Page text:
The Financial Gains of Fairtrade in Ghana

Sun, 15 Mar 2009 Source: Egu, Francis Kwaku

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The concept of Fairtrade in Ghana has taken a very good shape as a result of tremendous efforts by local farming communities, Oxfam, Comic Relief and other charitable organizations. The main aim of these charities is to prevent farmers who are described as being at the bottom of the supply chain from being exploited by middlemen. Farmers are guaranteed fair prices for their products which are set based on their cost of production. In situations where local market price is higher than the minimum price, market prices are used to determine prices for their products.

Local farmers with the help of these charities and other governmental organisations mobilise themselves into cooperatives. This helped them to pool their resources together for the benefit of their members. One such very important co-op is the Kuappa Kookoo cooperative. From a very humble beginning, Kuappa has grown into a very important limited liability company of great importance.

What gladdens my heart most is the support the Fairtrade organizations are offering to our school children in remote farm communities. These children are given the opportunity to participate in competitions with winners given prizes. Some few lucky ones among them are sponsored to attend conferences abroad. These children are our future leaders so it is very important we invest in their future.

The Principles of Fairtrade

The internationally accepted definition by FINE for Fairtrade is; ‘a trading partnership, based on dialogue, transparency and respect that seeks greater equity in international trade.’ FINE is an association of four international Fairtrade networks. These are Fairtrade Labeling Organizations International, World Fair Trade Organization, Network of European Workshops and European Fair Trade Association.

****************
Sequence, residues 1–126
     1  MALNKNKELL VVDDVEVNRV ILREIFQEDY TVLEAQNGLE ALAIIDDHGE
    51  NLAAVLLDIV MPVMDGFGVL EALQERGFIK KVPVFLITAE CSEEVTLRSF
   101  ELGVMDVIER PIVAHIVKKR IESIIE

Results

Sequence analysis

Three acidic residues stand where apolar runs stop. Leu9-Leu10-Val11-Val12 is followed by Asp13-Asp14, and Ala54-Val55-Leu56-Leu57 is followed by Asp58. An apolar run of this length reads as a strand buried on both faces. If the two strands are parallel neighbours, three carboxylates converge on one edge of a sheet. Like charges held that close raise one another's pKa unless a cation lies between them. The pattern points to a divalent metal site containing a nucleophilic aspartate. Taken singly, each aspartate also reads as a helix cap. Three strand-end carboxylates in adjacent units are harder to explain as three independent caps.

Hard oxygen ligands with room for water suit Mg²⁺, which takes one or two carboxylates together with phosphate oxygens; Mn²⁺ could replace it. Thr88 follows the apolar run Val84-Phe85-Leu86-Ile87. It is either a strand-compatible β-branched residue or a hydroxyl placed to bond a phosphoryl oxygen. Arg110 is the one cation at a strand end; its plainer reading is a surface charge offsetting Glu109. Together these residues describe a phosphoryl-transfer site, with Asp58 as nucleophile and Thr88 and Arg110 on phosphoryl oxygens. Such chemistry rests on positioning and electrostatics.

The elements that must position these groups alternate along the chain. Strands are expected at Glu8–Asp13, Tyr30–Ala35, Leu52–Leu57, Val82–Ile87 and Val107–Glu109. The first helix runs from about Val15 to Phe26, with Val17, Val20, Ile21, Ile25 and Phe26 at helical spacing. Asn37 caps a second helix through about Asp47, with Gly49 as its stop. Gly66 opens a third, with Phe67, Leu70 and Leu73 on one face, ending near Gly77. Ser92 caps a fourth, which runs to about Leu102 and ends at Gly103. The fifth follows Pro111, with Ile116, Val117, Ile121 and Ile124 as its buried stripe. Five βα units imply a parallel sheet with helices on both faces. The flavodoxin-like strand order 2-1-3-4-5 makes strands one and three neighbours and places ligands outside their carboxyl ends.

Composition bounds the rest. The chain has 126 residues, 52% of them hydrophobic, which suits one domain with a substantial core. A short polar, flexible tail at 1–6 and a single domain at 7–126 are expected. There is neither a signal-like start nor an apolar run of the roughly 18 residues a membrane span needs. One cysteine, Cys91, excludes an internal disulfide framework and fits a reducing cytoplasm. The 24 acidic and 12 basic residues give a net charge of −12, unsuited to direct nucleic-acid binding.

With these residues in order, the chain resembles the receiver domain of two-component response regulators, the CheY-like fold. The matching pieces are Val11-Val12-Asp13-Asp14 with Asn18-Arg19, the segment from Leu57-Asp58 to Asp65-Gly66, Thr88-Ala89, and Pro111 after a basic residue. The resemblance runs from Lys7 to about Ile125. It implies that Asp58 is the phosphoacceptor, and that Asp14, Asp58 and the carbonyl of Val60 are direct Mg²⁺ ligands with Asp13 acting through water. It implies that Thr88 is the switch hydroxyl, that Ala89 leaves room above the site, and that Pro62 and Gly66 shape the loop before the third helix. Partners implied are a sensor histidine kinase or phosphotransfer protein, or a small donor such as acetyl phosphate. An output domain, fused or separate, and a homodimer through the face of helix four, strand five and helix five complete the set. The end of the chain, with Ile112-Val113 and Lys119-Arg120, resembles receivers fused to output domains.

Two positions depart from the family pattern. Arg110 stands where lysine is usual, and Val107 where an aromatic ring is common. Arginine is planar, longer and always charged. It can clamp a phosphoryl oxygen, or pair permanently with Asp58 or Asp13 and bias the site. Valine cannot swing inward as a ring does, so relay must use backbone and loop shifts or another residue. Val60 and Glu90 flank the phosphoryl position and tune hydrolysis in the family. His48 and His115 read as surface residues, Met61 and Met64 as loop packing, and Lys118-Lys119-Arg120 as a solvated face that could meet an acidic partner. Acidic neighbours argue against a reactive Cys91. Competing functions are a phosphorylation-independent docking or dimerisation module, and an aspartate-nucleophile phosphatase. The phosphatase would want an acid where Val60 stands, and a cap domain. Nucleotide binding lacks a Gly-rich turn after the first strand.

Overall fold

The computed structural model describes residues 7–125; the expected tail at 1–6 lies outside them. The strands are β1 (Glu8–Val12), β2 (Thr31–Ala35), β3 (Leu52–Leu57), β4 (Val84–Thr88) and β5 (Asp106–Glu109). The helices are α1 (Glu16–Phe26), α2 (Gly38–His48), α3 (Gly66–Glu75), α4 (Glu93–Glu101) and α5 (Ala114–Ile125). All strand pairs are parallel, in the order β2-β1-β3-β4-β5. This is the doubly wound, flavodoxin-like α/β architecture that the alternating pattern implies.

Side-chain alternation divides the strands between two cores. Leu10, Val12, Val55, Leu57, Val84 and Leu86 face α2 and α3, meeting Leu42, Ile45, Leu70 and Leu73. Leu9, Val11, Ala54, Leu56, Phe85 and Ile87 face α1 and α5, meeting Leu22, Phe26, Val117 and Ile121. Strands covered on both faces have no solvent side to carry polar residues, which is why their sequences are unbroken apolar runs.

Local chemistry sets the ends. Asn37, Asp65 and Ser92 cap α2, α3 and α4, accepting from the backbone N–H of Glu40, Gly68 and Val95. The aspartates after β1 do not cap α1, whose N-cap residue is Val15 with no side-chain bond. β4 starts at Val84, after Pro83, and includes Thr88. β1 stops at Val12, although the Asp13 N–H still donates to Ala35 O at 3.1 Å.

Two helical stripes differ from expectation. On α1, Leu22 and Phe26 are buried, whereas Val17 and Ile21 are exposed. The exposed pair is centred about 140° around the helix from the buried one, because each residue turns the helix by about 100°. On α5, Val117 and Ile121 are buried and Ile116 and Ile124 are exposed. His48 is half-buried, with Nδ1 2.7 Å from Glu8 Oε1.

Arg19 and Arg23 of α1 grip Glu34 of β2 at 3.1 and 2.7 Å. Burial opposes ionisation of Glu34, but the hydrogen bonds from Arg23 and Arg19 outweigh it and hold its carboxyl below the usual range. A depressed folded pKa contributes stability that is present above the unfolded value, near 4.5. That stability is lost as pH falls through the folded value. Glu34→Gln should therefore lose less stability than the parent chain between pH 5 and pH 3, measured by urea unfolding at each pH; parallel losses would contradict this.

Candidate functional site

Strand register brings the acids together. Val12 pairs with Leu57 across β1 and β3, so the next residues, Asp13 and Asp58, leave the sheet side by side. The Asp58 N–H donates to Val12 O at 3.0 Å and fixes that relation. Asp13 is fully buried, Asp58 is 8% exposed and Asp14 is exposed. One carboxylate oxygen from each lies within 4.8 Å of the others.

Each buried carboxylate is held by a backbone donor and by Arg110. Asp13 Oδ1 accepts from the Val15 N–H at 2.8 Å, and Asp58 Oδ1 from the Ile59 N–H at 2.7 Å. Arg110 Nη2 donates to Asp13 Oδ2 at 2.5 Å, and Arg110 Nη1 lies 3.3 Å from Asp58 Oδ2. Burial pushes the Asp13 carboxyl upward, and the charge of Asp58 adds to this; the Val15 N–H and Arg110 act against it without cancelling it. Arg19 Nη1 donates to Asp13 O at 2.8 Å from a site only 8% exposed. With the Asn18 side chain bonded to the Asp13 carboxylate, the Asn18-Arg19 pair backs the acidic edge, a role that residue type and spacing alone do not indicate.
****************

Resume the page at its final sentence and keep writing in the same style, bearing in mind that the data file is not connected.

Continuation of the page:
The campaign for Fairtrade is carried by a group of organisations known as Fairtrade organisations. They campaign for changes in the rules and practices of conventional trade. Fairtrade organisations fall under an umbrella organisation known as International Fair Trade Association (IFAT) which is now known as World Fair Trade Organization (WFTO). The mission of WFTO is to improve the livelihood and well being of disadvantaged producers.

WFTO has prescribed principles which act as guidelines to all fair trade organizations. These principles among other things take account of the environment, safeguarding of natural resources and meeting future investment needs. It also provides for gender equity, providing equal pay opportunities for women and men. Above all, it is against child labor and ensures that the UN convention for the right of the child is respected. (www.ifat.org)

Fairtrade label

In return for following these principles, WFTO registered Fairtrade organizations are allowed to use Fairtrade labeling or certification. The certification system is designed to allow consumers to identify goods which meet agreed standards. The certification is overseen by a standard-setting body known as Fairtrade Labelling Organisations International (FLO). The system involves independent auditing of producers and traders to ensure the agreed standards are met. (www.fairtrade.org.)

Fairtrade makes provision for what is referred to as Fairtrade social premium. This is an annual payment made to farming communities valued at 5% of their sales. This social premium is used by the farming communities to provide schools, water supplies, etc. The premium ensures that communities have the ability to fund long term projects. Finally, Fairtrade believes in strength in togetherness. It therefore requires that farmers organise themselves into associations or cooperatives. This helps the farmers in pooling their resources together and put them in a stronger position when selling their products (www.fairtrade.org.)

Financial Gains

Kuappa Kookoo Company

Fairtrade has brought a lot of financial gains to farmers as well as farming communities in Ghana. One major financial gain of Fairtrade to the ordinary farmer is the establishment of “Kuappa Kookoo” in 1993. This is a farmers’ cooperative with over 45000 farmers. Since its establishment Kuappa has been in the forefront in protecting business interests of farmers. It has also played a major role in helping farmers fight for better deals on the world market.